Recognise This! – How the work gets done is as important as it getting done.
Yesterday I wrote about how Proteus CEO Andrew Thompson changed the game at his company by changing the culture. Or rather, by establishing a culture based on peer-to-peer recognition of core values demonstrated in daily work.
It’s that critical element of recognising how the work gets done that sets true leader organisations apart. Without a focus on the “how,” it’s easy to slip into “just get it done” – and that can lead to deviant behaviours (think Enron or the recent banking scandals).
That’s why Cris Beswick’s recent comment in HR Magazine struck so close to home for me:
“I think next generation competitive advantage is now being driven not by ‘what’ an organisation does but by ‘HOW’ it does it.”
Organisations seem to be able to define the “how” – the core values. It’s communicating those values in a way that makes to employees in their daily work where leaders stumble.
A Forbes article last week on “Motivating and Retaining the Best Employees” highlights this struggle in their advice to:
“Clearly state the company’s beliefs and values. Publish a company manifesto to ensure that every company action is in harmony with these stated goals.”
This doesn’t go nearly far enough. Publishing a manifesto of the company’s beliefs and values does no good if nobody reads it. Nobody reads even the simple plaque on the wall listing the values.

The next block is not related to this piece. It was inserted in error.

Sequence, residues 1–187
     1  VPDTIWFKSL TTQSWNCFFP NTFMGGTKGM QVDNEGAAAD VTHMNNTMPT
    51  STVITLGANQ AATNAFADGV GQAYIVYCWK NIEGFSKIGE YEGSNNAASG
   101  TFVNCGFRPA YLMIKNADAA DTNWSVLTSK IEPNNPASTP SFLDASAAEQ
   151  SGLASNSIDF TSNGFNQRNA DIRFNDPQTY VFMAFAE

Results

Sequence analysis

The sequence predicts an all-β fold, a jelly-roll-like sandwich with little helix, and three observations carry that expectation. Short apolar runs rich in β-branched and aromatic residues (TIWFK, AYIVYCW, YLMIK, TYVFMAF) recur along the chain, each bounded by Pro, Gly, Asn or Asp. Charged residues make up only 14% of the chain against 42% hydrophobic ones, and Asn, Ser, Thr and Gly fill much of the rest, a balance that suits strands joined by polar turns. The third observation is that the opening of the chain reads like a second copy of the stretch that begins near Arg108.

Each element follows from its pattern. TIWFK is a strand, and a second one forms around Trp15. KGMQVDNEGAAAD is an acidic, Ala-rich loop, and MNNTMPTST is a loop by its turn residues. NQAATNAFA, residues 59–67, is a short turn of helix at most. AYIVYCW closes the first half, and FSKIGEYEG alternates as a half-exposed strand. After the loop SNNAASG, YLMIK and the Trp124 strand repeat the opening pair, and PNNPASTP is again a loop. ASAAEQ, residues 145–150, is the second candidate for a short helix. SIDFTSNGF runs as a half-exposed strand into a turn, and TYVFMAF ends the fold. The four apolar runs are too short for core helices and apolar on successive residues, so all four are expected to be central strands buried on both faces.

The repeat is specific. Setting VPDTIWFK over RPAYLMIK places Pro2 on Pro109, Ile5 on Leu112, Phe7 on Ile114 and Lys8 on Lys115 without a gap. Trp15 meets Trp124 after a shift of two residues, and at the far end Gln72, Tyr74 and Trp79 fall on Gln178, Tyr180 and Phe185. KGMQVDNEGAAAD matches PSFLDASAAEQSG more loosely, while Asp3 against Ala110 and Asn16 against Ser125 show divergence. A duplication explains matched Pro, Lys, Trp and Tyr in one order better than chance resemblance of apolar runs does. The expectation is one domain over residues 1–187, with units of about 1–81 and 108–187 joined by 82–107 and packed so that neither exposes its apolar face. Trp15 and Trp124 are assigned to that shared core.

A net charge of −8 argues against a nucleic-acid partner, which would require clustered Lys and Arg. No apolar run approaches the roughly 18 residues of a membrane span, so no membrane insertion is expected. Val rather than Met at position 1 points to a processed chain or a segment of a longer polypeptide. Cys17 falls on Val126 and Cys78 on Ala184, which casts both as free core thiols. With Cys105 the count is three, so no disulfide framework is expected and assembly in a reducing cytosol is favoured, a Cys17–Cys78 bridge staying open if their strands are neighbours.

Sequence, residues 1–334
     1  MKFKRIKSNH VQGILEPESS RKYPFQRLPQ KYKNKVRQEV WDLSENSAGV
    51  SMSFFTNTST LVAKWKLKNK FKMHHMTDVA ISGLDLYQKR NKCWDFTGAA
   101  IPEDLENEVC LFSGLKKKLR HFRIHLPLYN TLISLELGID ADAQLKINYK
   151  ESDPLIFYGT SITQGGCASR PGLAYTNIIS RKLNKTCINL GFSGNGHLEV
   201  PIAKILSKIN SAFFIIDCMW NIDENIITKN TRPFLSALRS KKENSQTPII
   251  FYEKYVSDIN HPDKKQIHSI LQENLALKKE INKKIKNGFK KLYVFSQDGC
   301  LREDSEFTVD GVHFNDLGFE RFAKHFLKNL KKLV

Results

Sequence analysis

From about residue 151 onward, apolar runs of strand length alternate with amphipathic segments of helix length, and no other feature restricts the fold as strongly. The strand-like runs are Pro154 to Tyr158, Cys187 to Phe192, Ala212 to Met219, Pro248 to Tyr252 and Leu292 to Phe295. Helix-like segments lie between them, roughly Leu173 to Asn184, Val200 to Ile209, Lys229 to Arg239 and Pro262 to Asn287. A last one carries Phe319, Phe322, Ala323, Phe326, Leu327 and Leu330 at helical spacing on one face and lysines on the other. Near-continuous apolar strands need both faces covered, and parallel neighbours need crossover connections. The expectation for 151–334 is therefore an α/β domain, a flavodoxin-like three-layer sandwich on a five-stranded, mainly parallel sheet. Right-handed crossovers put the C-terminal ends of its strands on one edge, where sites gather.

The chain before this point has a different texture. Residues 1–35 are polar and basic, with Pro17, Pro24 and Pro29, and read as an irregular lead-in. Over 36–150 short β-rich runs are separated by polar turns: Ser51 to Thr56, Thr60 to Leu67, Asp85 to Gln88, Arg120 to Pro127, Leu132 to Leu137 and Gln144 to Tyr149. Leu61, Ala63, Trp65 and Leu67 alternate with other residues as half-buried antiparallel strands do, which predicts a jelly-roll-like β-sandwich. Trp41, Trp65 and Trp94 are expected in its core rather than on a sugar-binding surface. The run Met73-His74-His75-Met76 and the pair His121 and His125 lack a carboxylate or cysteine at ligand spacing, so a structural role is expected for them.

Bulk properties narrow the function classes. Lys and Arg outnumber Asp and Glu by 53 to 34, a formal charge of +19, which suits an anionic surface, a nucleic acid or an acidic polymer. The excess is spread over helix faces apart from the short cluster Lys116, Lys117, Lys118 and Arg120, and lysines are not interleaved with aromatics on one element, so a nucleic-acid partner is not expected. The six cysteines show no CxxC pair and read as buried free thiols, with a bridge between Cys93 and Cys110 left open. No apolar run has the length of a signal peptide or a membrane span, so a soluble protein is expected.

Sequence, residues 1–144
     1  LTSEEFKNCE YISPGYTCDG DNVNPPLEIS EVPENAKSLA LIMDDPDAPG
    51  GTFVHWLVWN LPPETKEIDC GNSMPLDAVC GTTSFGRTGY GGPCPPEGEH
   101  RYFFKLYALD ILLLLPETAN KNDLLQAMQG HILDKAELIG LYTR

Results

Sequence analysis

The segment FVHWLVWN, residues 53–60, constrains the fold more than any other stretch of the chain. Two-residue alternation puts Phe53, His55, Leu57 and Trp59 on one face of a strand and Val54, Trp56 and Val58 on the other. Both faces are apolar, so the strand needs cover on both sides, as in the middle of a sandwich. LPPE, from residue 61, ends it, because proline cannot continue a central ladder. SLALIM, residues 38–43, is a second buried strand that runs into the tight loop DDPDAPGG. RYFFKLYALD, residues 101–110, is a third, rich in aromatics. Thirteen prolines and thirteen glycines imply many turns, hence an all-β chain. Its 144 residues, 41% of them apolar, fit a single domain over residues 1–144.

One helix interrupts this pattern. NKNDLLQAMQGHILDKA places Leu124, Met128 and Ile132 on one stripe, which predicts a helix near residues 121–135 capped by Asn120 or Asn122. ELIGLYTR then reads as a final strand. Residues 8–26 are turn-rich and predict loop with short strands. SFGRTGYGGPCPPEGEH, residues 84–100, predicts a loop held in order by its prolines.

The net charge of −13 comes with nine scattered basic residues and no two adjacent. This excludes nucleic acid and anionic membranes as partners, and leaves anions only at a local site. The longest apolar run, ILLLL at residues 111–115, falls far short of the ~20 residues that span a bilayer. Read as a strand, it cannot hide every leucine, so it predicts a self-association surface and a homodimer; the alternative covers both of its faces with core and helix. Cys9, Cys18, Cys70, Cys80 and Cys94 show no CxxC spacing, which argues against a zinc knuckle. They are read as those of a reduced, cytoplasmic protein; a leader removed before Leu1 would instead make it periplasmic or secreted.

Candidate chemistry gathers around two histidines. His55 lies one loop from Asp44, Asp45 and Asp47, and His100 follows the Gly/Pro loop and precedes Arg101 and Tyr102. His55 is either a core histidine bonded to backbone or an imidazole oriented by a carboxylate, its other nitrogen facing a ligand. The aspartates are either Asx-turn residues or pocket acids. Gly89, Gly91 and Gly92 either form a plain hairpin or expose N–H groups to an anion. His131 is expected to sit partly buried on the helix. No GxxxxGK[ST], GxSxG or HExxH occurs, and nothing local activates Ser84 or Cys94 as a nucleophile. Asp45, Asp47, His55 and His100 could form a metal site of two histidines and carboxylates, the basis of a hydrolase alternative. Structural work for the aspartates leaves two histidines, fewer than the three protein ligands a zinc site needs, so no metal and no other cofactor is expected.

Instead, you must make those core values come alive in the daily work of every employee — such that they know beyond a doubt what “innovation” or “integrity” or “teamwork” looks like in what they do every day.
How do you make the abstract that intimately real? Simple – recognise and praise employees in a very specific and detailed way every time they demonstrate one of those values. Here’s an example:
“John, thanks for the great ‘teamwork’ on the MacGuffin project. You jumped in at the last moment to help us pull together the critical details and went out of your way to make sure we delivered more than the client could have hoped for. Your willingness to help in a crunch is what makes our team (and our company) a success.”
Such a detailed message with that level of specificity on what John did that demonstrated teamwork makes it real.
Do your employees know how to demonstrate your core values in their daily work? Do you?